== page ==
Oregon State Bar Bulletin — DECEMBER 2003

Oregon Legal Heritage
The life and times of James B. Castles

By John W. Castles

Editor’s note: Each year, the OSB Business Law Section bestows an award for professionalism and leadership in the business and the law. The award is named for the James B. Castles, longtime counsel to Tektronix. This memoir was prepared by Castles’ son in preparation for this year’s award, which was presented to Portland attorney Neva Campbell.

My father was born in Missoula, Mont., on Sept. 22, 1915. He passed away in Portland, Oregon on June 4, 1995, at the age of 79. His parents were immigrant Irish parents who left 'the old country' to settle and raise a family in America, the land of opportunity.

My grandfather, William Castles, was an early entrepreneur, moving the family from Northern Ireland to Superior, Montana where he opened a butcher shop. The butcher shop grew into a grocery and general store Among the many values that my father learned from his parents were important ones of faith, family, community involvement, education and philanthropy.

My grandparents believed strongly in the value of a good education. My grandmother was a strong matriarch, insisting that each child have a savings account and requiring that some money be deposited each week in their account for a college education. My grandfather kept very busy in his store, keeping it open 12 to 14 hours a day six days a week and for several hours on Sundays. He developed standards for customer service even at great cost to himself and family. His early philanthropy was demonstrated by allowing customers to charge their groceries on account during the Depression, knowing that many of them couldn’t afford to pay their bills.

My father, Jim Castles, worked his way through the University of Montana School of Law, graduating in 1938. He practiced law with the W.E. Keeley law firm in Deer Lodge, Montana until he volunteered to join the U.S. Coast Guard during World War II. He was stationed in Portland where his legal training came to the attention of his superiors and he was made Captain of Port Security for Portland. While serving in the Coast Guard my father met several fine friends that convinced him to remain in Portland following the war.

My father was invited to join the Portland law practice of Jay Bowerman, former governor of Oregon from 1910 to 1911. His first client was Jack Murdock, a Coast Guard shipmate, who asked my father to incorporate the company Tektronix, Inc., which evolved into the worldwide electronics leader in manufacturing oscilloscopes, electronic measurement instruments, television switching equipment and color printers. Tektronix was the first high technology company in the Pacific Northwest and the largest company in Oregon, with annual sales exceeding $2 billion and worldwide employment of 27,000 people at its peak.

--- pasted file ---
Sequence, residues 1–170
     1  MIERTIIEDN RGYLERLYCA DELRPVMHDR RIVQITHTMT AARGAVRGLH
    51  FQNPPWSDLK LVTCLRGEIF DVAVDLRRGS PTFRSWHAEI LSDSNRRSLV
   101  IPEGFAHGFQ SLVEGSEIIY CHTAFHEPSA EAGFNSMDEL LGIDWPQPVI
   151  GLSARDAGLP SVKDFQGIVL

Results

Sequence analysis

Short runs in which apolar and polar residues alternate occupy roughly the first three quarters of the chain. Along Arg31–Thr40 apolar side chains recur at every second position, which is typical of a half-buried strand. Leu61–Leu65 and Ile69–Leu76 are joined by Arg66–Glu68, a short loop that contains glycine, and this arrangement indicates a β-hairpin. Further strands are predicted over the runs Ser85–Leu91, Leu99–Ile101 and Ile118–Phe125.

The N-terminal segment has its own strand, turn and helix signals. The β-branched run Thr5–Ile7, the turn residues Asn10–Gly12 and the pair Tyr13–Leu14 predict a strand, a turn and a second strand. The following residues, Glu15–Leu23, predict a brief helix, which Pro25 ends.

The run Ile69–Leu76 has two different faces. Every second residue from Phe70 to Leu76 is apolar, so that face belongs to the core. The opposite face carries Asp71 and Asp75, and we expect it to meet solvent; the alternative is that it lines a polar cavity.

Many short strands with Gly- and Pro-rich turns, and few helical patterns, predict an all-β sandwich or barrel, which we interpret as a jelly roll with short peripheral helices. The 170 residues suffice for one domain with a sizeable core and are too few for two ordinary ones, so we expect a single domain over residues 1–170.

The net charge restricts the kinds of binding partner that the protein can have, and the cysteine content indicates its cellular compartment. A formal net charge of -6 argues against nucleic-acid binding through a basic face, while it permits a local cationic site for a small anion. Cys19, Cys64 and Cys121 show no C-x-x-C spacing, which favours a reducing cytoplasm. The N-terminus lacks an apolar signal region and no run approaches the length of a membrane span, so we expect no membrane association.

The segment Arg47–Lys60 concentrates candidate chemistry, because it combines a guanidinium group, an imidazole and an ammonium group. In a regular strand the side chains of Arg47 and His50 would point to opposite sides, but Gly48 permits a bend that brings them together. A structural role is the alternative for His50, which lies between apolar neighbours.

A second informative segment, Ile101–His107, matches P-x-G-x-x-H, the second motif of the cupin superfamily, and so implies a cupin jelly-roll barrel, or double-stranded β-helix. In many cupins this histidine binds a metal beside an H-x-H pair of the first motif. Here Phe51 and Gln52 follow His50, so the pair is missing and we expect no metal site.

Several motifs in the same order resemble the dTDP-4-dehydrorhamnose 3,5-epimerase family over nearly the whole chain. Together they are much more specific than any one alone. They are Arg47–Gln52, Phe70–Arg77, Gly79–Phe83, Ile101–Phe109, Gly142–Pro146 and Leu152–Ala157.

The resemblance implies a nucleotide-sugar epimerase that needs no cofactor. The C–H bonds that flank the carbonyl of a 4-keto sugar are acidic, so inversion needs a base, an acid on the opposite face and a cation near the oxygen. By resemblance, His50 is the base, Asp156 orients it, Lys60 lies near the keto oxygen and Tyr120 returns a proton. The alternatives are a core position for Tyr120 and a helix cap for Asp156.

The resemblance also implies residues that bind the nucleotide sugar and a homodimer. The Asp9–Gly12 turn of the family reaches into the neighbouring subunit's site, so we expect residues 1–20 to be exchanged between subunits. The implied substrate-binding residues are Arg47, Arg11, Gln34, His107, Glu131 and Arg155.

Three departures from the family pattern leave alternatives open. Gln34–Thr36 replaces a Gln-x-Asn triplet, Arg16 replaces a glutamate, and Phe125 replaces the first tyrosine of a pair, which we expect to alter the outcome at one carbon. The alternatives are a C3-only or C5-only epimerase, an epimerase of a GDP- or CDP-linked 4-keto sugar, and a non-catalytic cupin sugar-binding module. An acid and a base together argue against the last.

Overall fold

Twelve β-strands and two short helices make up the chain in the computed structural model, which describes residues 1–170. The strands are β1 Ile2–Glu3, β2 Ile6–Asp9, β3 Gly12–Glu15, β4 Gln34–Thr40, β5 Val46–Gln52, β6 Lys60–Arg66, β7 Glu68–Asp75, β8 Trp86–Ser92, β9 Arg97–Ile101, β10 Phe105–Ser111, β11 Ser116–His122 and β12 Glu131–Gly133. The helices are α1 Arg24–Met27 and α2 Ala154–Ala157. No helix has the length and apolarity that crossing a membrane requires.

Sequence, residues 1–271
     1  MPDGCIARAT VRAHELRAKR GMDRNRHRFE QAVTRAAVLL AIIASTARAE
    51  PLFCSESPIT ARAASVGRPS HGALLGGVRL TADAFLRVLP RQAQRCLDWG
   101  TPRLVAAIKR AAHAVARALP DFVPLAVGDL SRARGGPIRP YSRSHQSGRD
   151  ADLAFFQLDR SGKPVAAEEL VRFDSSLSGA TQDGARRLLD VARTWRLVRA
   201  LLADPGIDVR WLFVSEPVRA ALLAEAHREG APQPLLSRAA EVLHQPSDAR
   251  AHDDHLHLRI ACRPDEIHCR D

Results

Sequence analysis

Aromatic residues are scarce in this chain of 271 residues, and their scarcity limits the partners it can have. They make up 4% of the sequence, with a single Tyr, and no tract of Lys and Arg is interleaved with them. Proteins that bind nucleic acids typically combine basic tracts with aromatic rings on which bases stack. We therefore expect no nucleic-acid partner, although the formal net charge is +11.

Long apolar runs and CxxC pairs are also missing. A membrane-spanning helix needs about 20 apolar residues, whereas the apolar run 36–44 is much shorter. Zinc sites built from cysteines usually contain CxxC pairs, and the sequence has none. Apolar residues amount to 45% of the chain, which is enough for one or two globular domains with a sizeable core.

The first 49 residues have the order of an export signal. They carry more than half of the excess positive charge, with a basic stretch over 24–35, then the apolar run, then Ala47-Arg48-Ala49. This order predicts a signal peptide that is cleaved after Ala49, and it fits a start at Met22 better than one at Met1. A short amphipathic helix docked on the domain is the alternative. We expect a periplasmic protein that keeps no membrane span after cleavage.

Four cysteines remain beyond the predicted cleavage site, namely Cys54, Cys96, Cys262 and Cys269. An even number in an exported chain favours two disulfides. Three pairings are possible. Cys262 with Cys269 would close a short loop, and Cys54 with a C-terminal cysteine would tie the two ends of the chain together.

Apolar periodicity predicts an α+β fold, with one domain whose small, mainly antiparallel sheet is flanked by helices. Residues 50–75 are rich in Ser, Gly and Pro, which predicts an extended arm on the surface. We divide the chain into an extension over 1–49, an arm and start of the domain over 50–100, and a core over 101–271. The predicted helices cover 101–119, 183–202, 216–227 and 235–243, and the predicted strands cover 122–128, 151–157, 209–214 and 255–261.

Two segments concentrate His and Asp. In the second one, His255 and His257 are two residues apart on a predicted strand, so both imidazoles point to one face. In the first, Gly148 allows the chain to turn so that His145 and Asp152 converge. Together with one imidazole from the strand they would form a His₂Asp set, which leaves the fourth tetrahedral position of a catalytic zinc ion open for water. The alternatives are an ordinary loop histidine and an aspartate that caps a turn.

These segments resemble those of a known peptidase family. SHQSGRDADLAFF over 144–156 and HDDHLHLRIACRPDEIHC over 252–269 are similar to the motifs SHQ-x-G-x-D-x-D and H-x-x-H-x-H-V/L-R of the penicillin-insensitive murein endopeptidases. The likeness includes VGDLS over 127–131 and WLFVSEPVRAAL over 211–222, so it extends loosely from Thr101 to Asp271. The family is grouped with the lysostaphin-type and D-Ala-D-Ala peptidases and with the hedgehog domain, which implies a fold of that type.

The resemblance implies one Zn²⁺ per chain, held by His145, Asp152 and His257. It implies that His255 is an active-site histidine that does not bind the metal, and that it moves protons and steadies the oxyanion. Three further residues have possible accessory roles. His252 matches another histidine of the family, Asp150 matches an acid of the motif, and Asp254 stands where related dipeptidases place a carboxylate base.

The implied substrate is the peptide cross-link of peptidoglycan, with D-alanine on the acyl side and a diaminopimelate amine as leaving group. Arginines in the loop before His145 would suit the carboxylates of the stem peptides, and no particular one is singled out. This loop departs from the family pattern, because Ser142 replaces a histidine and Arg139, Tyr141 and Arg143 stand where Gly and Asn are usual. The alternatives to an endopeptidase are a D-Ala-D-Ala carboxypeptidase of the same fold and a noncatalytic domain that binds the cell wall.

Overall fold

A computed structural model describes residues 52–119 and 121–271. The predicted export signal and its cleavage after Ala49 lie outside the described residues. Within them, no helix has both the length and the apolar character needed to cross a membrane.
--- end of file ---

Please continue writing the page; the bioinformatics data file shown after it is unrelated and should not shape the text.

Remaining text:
My father once wrote that he had a fascinating law practice in Portland. Jay Bowerman had a number of large corporate clients, including Safeway Stores and Multnomah Kennel Club, a company that conducted greyhound racing and pari-mutuel wagering. As Jay Bowerman was advancing in age, my father handled a wide variety of legal matters, including corporate law, adjudication of water rights and litigation matters of all sorts. In 1947, my father represented several ranchers in eastern Oregon whose ranches were being condemned by the U.S. Government through the Department of Army Engineers for the McNary Dam site on the Columbia River. He wrote that he was successful in recovering considerably more money for his clients than what they had initially been offered. In 1952, my father formed his own law practice, establishing the first law firm in Beaverton, then a small town of less than 10,000 people. His law firm was preeminent in the fast-growing Washington County area just west of Portland and served a diverse array of clients. By 1961, Tektronix had grown rapidly and Jack Murdock prevailed upon my father to join the company full time as corporate secretary and general counsel, in addition to his director responsibilities. He remained 'of counsel' to his old law firm but transitioned into a full-time corporate executive with responsibilities to help grow Tektronix’s burgeoning international presence.